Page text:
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Constitutional Courts and Parliamentary Democracy

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The article assesses the creation and subsequent evolution of systems of constitutional justice in West Europe, in light of delegation theory. The author argues that constitutional judges are better conceptualised as trustees, exercising fiduciary responsibilities, than as agents, who operate in the shadow of principals. The zone of discretion that organises the activities of constitutional courts is unusually large, in some contexts close to unlimited. The author then surveys why, and to what extent, constitutional adjudication has transformed the nature of parliamentary governance, focusing on the cases of France, Germany, Italy, and Spain. Notwithstanding important variation, certain trends are both pan-European and irreversible: traditional separation of powers doctrines are steadily eroding; legislators and administrators are being placed under the authority of an expansive, continuously evolving constitutional law; and the judiciary's participation in law making processes is becoming more overt and assertive.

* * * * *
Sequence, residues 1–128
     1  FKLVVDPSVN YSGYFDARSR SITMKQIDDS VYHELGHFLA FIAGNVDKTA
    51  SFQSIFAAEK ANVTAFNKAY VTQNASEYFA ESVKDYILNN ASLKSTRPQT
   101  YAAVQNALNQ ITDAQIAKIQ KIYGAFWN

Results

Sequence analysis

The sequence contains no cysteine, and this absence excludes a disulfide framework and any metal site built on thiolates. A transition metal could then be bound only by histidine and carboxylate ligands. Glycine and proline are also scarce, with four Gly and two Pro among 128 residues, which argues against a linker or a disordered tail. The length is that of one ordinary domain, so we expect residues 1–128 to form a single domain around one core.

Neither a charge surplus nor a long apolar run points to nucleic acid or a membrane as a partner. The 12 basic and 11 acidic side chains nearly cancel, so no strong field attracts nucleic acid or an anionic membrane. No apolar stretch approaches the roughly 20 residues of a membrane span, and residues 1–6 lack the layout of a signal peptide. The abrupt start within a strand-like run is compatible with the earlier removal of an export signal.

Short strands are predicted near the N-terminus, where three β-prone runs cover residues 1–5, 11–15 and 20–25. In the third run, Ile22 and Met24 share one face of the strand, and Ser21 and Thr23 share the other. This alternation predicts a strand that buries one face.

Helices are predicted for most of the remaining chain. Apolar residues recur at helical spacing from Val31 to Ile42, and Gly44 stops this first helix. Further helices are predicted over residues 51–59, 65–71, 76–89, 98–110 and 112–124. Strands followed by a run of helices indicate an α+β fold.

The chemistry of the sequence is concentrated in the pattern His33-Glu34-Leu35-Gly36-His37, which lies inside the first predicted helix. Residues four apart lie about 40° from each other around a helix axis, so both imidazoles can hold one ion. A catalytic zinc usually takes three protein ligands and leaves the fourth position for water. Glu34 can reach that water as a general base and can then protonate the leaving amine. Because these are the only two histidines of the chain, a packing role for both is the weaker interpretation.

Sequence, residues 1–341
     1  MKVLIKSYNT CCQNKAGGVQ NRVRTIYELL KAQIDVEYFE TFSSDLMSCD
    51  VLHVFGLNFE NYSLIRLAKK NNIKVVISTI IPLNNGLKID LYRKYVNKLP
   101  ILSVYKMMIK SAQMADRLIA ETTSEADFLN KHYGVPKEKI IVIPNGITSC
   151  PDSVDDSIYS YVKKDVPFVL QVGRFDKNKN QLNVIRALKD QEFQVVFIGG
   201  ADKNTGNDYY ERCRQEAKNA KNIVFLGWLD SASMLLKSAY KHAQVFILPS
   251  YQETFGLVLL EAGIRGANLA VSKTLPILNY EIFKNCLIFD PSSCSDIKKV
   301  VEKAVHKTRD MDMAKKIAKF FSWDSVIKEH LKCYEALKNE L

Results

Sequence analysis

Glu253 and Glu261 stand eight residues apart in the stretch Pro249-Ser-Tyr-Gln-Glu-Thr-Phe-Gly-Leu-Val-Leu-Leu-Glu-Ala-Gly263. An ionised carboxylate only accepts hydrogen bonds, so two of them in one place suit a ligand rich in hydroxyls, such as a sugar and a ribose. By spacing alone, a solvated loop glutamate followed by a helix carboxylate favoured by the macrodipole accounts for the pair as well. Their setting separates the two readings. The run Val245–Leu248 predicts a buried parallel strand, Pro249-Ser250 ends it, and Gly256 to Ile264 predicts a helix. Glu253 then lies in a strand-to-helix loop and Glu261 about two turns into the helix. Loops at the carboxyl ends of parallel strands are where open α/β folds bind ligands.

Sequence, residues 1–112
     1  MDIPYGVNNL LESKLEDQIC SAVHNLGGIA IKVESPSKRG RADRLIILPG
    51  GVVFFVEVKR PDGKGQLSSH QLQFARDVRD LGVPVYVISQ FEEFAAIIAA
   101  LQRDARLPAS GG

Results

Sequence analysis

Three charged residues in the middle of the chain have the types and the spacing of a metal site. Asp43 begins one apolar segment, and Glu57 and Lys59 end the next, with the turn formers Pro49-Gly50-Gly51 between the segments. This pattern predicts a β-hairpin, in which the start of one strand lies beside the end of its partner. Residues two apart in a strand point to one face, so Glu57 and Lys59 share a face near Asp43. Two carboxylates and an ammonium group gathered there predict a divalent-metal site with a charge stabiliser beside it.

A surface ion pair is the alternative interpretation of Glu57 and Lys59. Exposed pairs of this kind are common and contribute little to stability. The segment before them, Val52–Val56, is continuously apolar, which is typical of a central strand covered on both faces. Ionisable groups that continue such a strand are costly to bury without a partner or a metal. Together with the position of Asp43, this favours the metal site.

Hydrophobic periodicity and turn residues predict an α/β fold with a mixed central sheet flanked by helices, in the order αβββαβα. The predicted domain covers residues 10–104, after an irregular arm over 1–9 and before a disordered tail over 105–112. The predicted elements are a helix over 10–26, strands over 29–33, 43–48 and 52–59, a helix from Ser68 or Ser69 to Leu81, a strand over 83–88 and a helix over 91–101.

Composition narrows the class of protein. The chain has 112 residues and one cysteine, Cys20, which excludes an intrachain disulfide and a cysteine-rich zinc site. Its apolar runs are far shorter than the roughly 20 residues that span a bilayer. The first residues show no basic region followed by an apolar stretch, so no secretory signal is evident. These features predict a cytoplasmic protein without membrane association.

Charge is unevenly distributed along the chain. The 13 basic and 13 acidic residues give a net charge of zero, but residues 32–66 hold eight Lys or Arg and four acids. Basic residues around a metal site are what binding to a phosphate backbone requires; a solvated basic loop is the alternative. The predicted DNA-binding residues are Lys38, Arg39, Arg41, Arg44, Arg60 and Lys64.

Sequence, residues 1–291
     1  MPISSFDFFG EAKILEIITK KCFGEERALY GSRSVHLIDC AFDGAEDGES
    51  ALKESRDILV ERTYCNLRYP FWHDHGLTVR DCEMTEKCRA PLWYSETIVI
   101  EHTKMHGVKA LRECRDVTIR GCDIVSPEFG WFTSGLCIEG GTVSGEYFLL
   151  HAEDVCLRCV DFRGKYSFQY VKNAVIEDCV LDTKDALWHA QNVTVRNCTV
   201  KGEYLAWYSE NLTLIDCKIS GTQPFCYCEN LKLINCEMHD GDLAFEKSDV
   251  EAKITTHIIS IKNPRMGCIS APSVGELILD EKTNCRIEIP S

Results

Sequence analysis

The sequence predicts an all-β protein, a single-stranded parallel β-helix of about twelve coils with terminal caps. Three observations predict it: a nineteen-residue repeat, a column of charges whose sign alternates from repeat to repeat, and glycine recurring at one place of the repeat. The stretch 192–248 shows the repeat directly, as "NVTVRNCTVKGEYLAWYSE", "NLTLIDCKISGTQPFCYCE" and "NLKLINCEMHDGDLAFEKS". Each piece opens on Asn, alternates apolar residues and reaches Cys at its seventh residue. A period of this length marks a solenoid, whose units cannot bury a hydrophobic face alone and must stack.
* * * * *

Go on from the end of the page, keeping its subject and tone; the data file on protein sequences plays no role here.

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Keywords: constitutional courts; constitutional law; delegation; judicial politics; principal-agent theory; trusteeship

Document Type: Research Article

Publication date: January 1, 2002

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